President Obama vows to repair veterans' health care troubles
WASHINGTON - (AP) -- With outrage mounting over veterans' health care, President Barack Obama declared Wednesday that allegations of misconduct at VA hospitals will not be tolerated, and he left open the possibility that Secretary Eric Shinseki, a disabled war veteran, could be held to account.
"I will not stand for it -- not as commander in chief but also not as an American," Obama said following an Oval Office meeting with the embattled Shinseki.
Congress moved to keep up the pressure on the administration, with the House easily approving a measure Wednesday evening that would give the VA secretary more authority to fire or demote the 450 senior career employees who serve as hospital directors or executives in the agency's 21 regions. The vote was 390 to 33.
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Rep. Jeff Miller, R-Fla., chairman of the House Veterans Affairs Committee, sponsored the measure, saying VA officials who have presided over mismanagement or negligence are more likely to receive bonuses or glowing performance reviews than any sort of punishment. He declared that a "widespread and systemic lack of accountability is exacerbating" the department's problems.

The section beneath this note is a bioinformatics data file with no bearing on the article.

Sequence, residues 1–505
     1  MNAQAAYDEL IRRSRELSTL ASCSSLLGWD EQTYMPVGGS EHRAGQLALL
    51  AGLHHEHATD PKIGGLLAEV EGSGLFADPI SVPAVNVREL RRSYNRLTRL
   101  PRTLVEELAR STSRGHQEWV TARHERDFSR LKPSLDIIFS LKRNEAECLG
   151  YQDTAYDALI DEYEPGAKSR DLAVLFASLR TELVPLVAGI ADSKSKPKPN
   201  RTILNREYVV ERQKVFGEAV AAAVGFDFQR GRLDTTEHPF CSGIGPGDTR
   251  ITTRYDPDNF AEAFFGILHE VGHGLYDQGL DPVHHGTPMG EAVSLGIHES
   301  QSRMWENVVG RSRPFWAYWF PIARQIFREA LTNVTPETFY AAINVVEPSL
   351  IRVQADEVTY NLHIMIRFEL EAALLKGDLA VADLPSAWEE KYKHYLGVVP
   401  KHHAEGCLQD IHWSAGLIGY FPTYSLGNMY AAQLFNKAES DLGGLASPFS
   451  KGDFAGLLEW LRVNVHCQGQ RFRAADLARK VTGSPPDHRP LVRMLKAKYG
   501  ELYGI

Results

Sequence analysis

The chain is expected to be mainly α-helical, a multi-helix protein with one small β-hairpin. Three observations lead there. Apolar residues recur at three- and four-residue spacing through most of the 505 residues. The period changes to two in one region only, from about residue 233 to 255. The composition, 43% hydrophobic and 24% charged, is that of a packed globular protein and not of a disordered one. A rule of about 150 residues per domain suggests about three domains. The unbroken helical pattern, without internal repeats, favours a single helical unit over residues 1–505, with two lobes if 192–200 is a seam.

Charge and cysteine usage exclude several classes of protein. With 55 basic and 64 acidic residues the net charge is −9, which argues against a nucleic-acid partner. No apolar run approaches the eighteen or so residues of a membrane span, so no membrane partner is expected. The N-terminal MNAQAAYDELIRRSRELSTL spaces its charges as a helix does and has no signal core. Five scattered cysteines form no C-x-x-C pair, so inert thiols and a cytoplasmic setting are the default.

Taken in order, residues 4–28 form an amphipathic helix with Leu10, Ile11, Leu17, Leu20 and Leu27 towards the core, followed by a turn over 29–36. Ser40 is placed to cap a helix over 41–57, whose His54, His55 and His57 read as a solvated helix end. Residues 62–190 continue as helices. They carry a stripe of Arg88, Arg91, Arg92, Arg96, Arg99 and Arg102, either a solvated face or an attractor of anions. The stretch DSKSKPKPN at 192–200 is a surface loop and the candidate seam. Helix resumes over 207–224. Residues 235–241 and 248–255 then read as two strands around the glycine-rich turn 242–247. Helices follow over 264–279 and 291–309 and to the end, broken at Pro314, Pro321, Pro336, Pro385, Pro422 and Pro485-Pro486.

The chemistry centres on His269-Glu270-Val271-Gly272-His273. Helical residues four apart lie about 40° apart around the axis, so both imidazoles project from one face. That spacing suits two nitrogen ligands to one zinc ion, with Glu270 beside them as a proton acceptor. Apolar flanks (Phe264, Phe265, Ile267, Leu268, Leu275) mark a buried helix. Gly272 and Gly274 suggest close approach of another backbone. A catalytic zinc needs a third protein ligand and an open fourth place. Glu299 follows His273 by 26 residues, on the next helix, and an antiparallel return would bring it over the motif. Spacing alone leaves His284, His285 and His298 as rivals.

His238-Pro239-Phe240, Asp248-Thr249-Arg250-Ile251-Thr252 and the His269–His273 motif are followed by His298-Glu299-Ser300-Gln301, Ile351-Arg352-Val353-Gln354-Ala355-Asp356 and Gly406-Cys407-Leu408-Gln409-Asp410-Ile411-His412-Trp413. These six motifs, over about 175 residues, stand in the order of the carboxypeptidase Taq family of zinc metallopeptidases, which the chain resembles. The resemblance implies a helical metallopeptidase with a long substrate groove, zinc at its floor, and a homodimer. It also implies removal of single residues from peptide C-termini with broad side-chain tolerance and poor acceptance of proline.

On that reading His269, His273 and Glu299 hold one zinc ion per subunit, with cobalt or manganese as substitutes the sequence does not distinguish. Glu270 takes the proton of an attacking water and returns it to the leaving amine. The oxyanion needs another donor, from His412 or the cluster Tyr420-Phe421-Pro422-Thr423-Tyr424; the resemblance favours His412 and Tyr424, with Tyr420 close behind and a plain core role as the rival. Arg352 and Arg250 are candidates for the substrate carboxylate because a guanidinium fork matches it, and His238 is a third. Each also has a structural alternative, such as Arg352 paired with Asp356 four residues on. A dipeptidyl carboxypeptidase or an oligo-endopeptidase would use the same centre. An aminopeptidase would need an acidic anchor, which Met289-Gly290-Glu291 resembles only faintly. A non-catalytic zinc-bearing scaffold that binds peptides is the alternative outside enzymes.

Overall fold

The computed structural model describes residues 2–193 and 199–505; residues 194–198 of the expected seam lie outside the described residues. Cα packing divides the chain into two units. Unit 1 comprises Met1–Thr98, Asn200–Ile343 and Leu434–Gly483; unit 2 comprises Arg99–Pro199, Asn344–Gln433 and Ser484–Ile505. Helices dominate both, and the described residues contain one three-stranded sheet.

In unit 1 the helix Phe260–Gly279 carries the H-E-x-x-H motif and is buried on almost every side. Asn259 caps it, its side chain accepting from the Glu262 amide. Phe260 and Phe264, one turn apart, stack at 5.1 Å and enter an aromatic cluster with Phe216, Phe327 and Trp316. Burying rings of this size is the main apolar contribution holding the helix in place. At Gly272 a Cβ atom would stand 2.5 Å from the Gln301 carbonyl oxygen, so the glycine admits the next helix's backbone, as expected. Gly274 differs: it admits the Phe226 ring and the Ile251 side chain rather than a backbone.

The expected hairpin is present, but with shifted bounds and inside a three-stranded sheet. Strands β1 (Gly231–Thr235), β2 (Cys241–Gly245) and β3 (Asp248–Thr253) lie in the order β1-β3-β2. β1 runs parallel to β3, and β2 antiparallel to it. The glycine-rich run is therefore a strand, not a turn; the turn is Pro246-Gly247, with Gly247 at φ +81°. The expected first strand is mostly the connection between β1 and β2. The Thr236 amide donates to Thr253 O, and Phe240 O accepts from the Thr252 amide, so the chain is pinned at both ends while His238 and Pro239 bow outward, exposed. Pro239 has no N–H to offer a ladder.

The White House said it supported the goal of seeking greater accountability at the VA but had unspecified concerns about the legislation.
The growing furor surrounding the Department of Veterans Affairs centers on allegations of treatment delays and preventable deaths at VA hospitals. The department's inspector general's office says 26 facilities are being investigated nationwide, including a Phoenix hospital facing allegations that 40 people died while waiting for treatment and staff kept a secret list of patients in order to hide delays in care.
The allegations have raised fresh concerns about the Obama administration's management of a department that has been struggling to keep up with the influx of new veterans returning home from the wars in Iraq and Afghanistan. Obama's comments Wednesday -- his first on the matter in more than three weeks -- signaled a greater urgency by the White House to keep the matter from spiraling into a deeper political problem in a midterm election year.